International Day of the Disappeared in Kashmir


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Today on the International Day on Enforced Disappearances, Jammu and Kashmir’s Association of Parents of Disappeared Persons (APDP) staged a peaceful sit-in protest at Pratap Park, Srinagar.


Scores of family members of disappeared persons participated in the peaceful protest that was also attended by Jammu Kashmir Liberation Front (JKLF) Chairman Muhammad Yasin Malik who expressed solidarity with the families of the victims and said that his organization would always support the APDP which is fighting for a just cause.


The family members whose loved ones are involuntarily disappeared at the hands of the Indian forces during the turmoil in Kashmir reiterated that they will continue their struggle till government did not issue a statement about the whereabouts of their family members.

A resident form North Kashmir’s Katianwali area of Baramulla district Bashir Ahmad Chichi said that his brother Altaf Ahmed was on his way back from his routine work from fields when he was taken away by some unidentified gunmen. He said, “Since November 16, 2002 his family has been roaming from pillar to post in search of Altaf but all in vain.”

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An elderly woman from Kawoosa village of Budgam alleged that her son Muhammad Ramzan Sheikh was a 25 years old in 1992 when forces took him away. “He was engrossed in his work, we were busy in our paddy fields. I will die in peace after having a glimpse of my beloved son,” she said.

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APDP Chairperson Parveena Ahanger said that the victims have left no stone unturned to know the whereabouts of the disappeared but to no avail.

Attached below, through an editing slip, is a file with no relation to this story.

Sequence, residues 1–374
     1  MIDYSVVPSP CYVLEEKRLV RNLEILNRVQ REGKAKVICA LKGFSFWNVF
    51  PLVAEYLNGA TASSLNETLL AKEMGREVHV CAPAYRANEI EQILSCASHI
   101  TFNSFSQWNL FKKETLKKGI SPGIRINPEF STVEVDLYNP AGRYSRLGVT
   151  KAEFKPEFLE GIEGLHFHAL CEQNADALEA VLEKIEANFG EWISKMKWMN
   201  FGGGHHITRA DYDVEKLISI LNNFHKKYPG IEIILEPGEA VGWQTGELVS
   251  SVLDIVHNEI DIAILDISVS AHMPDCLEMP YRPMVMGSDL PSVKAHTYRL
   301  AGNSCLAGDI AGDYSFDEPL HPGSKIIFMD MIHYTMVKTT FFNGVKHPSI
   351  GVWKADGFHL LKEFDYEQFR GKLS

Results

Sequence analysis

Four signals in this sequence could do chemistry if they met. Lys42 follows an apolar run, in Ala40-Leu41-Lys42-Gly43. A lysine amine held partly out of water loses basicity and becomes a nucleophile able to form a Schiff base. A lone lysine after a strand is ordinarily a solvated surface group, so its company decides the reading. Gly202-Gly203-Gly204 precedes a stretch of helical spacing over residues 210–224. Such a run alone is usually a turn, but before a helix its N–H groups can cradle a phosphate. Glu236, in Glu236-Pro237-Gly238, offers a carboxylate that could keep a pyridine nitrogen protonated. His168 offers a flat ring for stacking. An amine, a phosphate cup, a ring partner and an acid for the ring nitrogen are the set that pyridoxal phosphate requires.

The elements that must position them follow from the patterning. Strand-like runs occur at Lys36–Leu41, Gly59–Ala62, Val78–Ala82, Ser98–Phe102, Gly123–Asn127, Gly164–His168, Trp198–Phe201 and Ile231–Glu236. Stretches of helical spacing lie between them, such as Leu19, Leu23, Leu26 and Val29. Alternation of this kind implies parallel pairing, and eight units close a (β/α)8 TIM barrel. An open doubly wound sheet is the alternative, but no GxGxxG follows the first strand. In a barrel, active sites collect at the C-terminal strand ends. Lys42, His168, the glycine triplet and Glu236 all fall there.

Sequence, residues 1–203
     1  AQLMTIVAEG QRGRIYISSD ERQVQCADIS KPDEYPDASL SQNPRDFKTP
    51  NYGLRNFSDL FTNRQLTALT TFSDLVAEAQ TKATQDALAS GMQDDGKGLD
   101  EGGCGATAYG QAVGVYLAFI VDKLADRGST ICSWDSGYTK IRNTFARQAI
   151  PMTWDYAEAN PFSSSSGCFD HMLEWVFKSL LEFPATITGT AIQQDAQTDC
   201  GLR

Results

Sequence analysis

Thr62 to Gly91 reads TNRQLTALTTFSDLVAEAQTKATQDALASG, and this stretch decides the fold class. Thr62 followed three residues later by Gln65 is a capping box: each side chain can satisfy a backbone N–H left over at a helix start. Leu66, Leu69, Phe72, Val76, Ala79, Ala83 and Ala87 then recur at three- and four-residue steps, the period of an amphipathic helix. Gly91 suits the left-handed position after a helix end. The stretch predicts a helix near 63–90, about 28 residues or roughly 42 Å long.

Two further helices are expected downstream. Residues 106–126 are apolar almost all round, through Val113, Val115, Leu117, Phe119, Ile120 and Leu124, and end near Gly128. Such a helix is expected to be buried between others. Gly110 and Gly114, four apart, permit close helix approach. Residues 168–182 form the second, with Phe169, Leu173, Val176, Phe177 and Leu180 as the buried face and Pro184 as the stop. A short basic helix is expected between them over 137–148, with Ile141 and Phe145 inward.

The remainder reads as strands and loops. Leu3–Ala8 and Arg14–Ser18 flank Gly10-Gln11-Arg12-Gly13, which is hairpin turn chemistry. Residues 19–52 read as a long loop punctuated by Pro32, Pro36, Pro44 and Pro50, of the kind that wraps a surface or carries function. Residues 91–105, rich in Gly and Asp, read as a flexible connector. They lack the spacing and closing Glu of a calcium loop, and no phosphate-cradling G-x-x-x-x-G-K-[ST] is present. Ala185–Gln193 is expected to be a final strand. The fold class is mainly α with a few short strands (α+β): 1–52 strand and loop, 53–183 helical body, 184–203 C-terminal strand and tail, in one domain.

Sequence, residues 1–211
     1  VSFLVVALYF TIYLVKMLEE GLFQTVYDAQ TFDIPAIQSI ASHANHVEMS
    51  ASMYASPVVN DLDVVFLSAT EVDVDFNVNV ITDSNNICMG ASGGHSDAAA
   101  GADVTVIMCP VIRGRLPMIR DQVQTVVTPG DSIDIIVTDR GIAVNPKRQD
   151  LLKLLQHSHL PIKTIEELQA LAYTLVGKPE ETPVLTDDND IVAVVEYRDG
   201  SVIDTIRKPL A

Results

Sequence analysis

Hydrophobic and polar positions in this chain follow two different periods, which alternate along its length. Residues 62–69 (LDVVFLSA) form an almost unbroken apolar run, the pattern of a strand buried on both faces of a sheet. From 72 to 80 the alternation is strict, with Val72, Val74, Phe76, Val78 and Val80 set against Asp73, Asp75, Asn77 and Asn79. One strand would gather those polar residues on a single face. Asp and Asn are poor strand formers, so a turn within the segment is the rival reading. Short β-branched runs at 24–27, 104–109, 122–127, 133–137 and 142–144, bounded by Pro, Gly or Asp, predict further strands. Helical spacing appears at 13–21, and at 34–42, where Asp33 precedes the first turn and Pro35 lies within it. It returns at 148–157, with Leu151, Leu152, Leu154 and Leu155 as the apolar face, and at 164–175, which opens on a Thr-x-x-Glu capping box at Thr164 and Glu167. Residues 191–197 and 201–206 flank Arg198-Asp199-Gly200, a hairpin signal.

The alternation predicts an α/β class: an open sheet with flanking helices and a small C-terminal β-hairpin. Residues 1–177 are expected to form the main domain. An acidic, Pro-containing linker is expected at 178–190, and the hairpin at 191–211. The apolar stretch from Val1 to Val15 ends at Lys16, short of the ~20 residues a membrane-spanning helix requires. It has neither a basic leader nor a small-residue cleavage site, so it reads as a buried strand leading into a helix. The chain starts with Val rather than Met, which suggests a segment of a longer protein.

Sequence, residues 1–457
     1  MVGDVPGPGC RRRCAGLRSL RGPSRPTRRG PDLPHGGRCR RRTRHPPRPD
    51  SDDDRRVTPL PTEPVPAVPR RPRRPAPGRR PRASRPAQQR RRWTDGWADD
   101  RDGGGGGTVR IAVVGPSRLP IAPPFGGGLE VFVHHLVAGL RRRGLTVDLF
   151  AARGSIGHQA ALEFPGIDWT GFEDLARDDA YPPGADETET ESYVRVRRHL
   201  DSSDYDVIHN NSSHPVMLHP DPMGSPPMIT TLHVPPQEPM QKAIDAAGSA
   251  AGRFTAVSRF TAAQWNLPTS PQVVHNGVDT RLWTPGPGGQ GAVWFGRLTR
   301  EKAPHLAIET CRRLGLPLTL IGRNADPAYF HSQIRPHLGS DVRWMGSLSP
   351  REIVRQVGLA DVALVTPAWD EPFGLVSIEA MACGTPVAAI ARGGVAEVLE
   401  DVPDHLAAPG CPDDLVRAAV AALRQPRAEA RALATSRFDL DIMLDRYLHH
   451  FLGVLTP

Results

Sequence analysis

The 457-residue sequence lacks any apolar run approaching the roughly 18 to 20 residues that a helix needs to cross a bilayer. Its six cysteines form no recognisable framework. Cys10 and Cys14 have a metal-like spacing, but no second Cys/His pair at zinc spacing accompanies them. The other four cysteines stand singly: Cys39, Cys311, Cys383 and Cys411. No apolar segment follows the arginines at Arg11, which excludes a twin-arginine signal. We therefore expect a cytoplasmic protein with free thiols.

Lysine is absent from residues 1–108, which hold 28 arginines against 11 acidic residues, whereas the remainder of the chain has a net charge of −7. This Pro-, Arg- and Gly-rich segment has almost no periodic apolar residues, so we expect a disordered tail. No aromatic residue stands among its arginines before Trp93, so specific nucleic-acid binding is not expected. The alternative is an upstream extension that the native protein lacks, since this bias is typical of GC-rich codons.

“Our search from pillar to post is turning futile. We don’t get any clue of our dear ones doesn’t mean we would give up. No way till our last breath.”

Parveena said that the State Human Rights Commission (SHRC), High court, Supreme Court and all other institutions of justice have failed to do justice with them.

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She said that they are living with the hope to see their loved ones back one day. “Hope sustains life, we are hopeful that our disappeared kin will be with us someday soon,” she added.

“We want government to come clear on the disappearance issue. Where are our loved ones? Are they alive or dead, we want to know,” Parveena questioned.

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She said that several movements across the globe have been raising their voice for the victims of the enforced disappearances in the world. Like us many families have organized themselves in Philippines, Indonesia and Thailand.

“I would like to remind ourselves that the enforced disappearance in Kashmir cuts across regions and religions. Besides Kashmiri Muslims, the Sikh minority has not remained untouched from the state terror,” she said.

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